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#22282 - Monday, February 28, 2005 2:28 PM Re: Creation . . . . . and a related question! ***** [Re: rmwilliamsjr]
J_Edwards Offline
Needs to get a Life

Registered: Sunday, December 9, 2001
Posts: 4843
Loc: USA
Quote:
In this thread, it has been stated that using anything external to Scripture, for example, modern science, to help understand Scripture is not Sola Scriptura.

First, Henry did not say anything external to Scripture is not Sola Scriptura.. In his explanation he stated,

Quote:
If you are wanting to get pedantic, the historical-grammatical hermeneutic does of course take into consideration information not strictly contained in the words of Scripture, in the form of historical background and other things which the author/original readers would have understood, in order to make a proper interpretation of the text. Such as, understanding Palestinian geography when we read the Gospels.

Thus, there are things which are useful and other things which are not useful.

Second, what science will you hold over the text of Scripture: geography, modern biology, modern astronomy, modern … ? Which science, philosophy, etc. is the key to biblical interpretation? Sola Scriptura NEVER meant for one to embrace “other sciences” upon Scripture as the rule (or exegetical miracle) for determining truth. Natural Revelation is always to be interpreted by special revelation and then appropriately applied. However, if the “other sciences” are being held up as the primary interpreter of the text then you are asserting natural revelation over special.

Would you not agree that there is some history that would be bad to read upon the text? Of course, you would. What is your grounds for determining what is good history and bad?—the text of Scripture would be a good guess. In this case concerning “creation” what we are saying is that the original audience could not have been thinking about the ever-changing “modern science” paradigm when reading the text and thus you would be in error to impose it upon the text. Modern science cannot be used as the central key of interpretation, though at times it may be confirmatory; like archeology confirming the existence of Sodom and Gomorrah. Now I do not believe in Sodom and Gomorrah because archeology has determined it existed. I believe Sodom and Gomorrah existed because the Scripture says they did. However, now I have some “scientific” confirmation that the text of Scripture is correct (however, I use this "scientific evidence" cautiously, if at all). Science can be used to confirm the “original meaning,” however it should not be used to give us the “original meaning.”
_________________________
Reformed and Always Reforming,

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#22283 - Monday, February 28, 2005 5:59 PM Re: Creation . . . . . and a related question! [Re: J_Edwards]
Anonymous
Unregistered


Hi J_Edwards, I'm finally getting back to your post here.

Oh, and I'm going to work through this thread as if I were in a conversation. If something has been addressed later than some of what I write might be redundant.


Quote:
J_Edwards said:
Brian, Welcome to the forum hello

First let me say that I believe in the historic view of creation (6/24). While I do find the Framework Interpretation (FI) interesting it has only made the historic view (which is not without its difficulties) more concrete in my heart. Thus, for this reason I enjoy (when I have time) discussing it.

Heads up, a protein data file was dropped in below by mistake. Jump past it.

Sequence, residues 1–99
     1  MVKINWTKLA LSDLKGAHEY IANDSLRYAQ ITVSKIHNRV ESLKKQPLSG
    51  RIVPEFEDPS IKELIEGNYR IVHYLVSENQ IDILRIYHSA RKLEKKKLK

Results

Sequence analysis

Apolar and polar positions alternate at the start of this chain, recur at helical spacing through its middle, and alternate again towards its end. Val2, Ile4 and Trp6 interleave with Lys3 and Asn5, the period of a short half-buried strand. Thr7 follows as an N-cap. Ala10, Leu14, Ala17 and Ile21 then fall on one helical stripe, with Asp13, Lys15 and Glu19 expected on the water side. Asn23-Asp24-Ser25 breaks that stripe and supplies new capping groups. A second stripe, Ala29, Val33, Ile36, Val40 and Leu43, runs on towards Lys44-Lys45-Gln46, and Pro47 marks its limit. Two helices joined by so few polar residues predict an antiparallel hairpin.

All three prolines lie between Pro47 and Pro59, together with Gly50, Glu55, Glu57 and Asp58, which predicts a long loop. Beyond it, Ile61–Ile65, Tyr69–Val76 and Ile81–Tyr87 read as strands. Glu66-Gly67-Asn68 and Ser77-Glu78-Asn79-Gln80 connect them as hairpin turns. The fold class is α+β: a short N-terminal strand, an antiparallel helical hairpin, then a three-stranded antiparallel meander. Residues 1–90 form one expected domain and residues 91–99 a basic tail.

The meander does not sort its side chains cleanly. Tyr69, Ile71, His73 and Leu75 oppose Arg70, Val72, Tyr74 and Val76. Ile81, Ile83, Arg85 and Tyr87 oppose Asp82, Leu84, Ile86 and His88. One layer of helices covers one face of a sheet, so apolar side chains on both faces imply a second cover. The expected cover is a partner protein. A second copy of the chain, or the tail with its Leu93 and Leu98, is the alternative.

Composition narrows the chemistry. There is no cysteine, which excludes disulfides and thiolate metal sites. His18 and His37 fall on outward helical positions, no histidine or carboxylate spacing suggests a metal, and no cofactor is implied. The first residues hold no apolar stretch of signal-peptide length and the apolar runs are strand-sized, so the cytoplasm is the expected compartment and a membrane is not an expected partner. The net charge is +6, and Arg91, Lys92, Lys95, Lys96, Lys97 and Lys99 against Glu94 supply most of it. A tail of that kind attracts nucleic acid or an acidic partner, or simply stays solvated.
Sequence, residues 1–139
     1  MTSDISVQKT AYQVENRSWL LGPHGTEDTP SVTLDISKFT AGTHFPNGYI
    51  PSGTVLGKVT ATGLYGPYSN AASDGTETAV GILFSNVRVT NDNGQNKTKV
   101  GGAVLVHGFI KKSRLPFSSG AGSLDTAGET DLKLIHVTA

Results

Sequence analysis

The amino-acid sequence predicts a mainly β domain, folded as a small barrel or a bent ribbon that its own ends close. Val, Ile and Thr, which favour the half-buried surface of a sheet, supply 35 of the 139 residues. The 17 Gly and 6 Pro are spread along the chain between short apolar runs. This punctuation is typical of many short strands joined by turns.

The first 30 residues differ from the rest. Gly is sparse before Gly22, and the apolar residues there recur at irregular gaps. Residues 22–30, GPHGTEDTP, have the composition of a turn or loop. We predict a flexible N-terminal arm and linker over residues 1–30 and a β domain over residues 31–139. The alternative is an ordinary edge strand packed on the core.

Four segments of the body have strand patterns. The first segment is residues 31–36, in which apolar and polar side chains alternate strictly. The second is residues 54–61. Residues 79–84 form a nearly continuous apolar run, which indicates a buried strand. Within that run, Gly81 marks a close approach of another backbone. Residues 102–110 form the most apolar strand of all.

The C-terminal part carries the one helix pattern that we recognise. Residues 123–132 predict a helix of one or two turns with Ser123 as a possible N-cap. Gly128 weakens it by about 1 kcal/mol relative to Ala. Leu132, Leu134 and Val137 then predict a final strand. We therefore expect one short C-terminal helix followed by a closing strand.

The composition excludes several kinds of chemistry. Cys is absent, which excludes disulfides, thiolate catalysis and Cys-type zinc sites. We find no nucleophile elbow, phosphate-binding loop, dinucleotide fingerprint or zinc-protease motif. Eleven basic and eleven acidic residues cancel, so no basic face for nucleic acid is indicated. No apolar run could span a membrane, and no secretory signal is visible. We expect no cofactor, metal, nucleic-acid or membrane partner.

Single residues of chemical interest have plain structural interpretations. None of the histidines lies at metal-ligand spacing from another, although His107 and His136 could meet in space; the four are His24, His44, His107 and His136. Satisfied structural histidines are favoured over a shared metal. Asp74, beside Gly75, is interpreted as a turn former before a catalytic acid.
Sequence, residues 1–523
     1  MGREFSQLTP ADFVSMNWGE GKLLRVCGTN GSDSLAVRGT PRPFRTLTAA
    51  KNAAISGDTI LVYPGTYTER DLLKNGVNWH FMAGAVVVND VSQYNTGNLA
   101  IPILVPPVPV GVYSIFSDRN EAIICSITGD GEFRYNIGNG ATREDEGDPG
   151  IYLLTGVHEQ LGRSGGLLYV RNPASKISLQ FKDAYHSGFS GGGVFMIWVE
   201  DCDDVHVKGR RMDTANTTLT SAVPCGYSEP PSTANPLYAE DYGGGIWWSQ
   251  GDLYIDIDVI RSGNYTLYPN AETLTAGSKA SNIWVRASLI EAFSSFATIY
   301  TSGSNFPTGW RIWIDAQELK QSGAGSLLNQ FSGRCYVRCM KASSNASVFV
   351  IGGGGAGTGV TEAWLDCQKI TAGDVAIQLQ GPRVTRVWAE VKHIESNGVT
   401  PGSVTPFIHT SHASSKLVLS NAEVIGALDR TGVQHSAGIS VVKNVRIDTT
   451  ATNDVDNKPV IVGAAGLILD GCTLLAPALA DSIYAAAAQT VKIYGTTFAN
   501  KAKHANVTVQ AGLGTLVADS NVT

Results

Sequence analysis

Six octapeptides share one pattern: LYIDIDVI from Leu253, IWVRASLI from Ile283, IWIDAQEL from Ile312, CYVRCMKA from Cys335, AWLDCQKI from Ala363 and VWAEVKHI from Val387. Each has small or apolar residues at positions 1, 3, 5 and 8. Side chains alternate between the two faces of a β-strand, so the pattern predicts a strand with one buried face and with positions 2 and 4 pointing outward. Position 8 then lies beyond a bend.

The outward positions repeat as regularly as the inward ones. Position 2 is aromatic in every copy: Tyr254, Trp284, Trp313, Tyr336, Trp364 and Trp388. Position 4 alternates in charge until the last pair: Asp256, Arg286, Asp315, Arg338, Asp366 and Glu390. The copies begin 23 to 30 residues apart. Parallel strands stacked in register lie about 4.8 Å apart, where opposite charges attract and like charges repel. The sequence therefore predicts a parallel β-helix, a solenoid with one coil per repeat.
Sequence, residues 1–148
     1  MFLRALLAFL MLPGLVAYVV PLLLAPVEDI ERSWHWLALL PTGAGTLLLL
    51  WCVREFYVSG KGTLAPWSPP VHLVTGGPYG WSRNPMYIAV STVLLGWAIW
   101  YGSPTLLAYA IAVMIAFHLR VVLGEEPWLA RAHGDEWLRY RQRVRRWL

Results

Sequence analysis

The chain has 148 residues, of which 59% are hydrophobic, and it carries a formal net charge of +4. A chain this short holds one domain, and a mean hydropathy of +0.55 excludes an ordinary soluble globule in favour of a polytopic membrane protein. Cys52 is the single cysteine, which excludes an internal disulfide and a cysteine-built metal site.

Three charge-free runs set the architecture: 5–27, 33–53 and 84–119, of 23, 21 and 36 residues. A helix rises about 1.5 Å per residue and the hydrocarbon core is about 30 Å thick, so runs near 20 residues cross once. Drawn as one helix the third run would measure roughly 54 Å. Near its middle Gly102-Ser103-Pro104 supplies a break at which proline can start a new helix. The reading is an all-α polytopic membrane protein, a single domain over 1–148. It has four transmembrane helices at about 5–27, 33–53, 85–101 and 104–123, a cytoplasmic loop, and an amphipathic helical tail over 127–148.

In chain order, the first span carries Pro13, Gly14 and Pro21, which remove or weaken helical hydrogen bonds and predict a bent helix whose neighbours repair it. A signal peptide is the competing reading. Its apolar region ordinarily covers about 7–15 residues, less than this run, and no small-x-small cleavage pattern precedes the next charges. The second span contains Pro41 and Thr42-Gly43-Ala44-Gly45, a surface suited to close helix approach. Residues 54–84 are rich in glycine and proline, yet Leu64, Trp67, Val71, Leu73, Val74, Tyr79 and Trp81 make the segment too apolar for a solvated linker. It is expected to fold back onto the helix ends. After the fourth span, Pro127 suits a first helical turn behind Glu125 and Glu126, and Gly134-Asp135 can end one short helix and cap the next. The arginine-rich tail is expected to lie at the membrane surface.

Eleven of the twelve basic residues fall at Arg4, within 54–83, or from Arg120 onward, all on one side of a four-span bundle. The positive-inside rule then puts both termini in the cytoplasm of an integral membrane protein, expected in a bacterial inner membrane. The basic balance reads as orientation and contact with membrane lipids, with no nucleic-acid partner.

Glad to hear that you enjoy discussing the FI, even if you don't agree with it. Part of my task is, of course, to try and get you to change your mind, but even if you don't I hope our appreciation of the Lord grows through this exchange.

Quote:

Second, I have had two professors in the past attempt to teach me this view (Dr Futato and Dr. Waltke) who are both highly respected in their fields of OT and the study of Hebrew and other languages, et. AL. While I appreciated other things both of these professors taught, I did not find their arguments for these views convincing. Pipa’s (From Chaos to Cosmos) does a good job IMO of critiquing Futato (Kline).


Right, like I mentioned before I'd be interested to see what specific arguments from Pipa you found convincing.

Quote:

Third, the FI denies historic Christianity, which is no small matter. TMK “no” theologian of antiquity has ever embraced FI (please correct me if I am wrong here and site the source and quote(s)…). If the FI is correct why do we not even find a hint of it in the OT/NT? What we actually find in the text are pointers toward 6/24.


As far as your statement that the FI "denies historic Christianity" - I'm not very comfortable with that phrase. If you only mean that it is not the most common understanding of the church, then I agree with that (as I've stated), but to me the phrase "denies historic Christianity" applies to interpretations/people that deny those doctrines that have demarcated orthodox Christianity from non-orthodox, such as monotheism, the resurrection of Jesus, etc. I consider the interpretation of the days of Genesis 1 not even close to a central doctrine, and I'm supported by the fact that the creeds don't either.

Also, I don't think we find pointers toward the 6/24 view elsewhere in the Bible. If you'd like to bring up specific passages we can discuss them. I've already discussed some in my papers.

Quote:

Fourth, to accept the FI worldview means one is accepting a scientific worldview first and foremost as truth.


I disagree. You'll need to make an argument for that claim.

Quote:

Fifth, I have problems with the FI seeing Gen 1 as a mere poem versus a historical account of creation.


I don't consider and have never said that Genesis 1 is mere poem. It does convey some 'historical' information, but doesn't convey as much as some (YECs, Day-Agers) think it does.

Quote:

This relationship between Genesis 1:1-2:3 and Genesis 2:4-25 is implied by the word translated history or generations (toledoth) in Genesis 2:4a


I think we agree on the use of toledoth and how it links the sections of Genesis. Duane Garrett wrote a book called Rethinking Genesis in which he gives an actually supportable use of form criticism (using the ANE form of ancestor epic I think it was) to show the unity of the Genesis stories. Along with this he discusses toledoth and it's use, and I found his presentation persuasive. Good book. I highly recommend it.

Quote: